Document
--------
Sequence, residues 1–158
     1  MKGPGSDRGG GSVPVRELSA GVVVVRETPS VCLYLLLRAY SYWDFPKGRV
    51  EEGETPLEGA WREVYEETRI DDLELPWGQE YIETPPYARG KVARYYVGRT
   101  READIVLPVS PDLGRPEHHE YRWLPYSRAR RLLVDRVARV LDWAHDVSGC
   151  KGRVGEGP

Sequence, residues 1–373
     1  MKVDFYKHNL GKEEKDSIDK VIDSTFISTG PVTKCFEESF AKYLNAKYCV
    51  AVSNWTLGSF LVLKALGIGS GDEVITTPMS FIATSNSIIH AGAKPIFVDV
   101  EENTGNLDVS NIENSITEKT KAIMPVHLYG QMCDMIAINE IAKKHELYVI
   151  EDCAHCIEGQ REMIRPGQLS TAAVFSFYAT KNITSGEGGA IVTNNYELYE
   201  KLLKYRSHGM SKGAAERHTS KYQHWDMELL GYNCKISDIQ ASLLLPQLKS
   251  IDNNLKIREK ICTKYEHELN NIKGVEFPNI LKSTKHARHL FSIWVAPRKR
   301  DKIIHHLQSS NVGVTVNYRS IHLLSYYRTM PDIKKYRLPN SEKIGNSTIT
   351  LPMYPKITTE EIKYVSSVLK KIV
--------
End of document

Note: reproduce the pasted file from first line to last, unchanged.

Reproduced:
Sequence, residues 1–158
     1  MKGPGSDRGG GSVPVRELSA GVVVVRETPS VCLYLLLRAY SYWDFPKGRV
    51  EEGETPLEGA WREVYEETRI DDLELPWGQE YIETPPYARG KVARYYVGRT
   101  READIVLPVS PDLGRPEHHE YRWLPYSRAR RLLVDRVARV LDWAHDVSGC
   151  KGRVGEGP

Sequence, residues 1–373
     1  MKVDFYKHNL GKEEKDSIDK VIDSTFISTG PVTKCFEESF AKYLNAKYCV
    51  AVSNWTLGSF LVLKALGIGS GDEVITTPMS FIATSNSIIH AGAKPIFVDV
   101  EENTGNLDVS NIENSITEKT KAIMPVHLYG QMCDMIAINE IAKKHELYVI
   151  EDCAHCIEGQ REMIRPGQLS TAAVFSFYAT KNITSGEGGA IVTNNYELYE
   201  KLLKYRSHGM SKGAAERHTS KYQHWDMELL GYNCKISDIQ ASLLLPQLKS
   251  IDNNLKIREK ICTKYEHELN NIKGVEFPNI LKSTKHARHL FSIWVAPRKR
   301  DKIIHHLQSS NVGVTVNYRS IHLLSYYRTM PDIKKYRLPN SEKIGNSTIT
   351  LPMYPKITTE EIKYVSSVLK KIV